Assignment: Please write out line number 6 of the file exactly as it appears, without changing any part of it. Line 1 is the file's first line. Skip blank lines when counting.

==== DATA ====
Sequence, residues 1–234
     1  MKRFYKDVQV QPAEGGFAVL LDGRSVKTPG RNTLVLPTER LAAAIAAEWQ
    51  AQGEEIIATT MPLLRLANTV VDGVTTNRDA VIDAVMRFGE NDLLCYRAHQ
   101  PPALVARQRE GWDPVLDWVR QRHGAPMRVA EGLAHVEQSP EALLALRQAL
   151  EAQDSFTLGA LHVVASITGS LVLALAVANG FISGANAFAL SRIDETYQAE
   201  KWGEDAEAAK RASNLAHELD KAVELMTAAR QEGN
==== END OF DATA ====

   201  KWGEDAEAAK RASNLAHELD KAVELMTAAR QEGN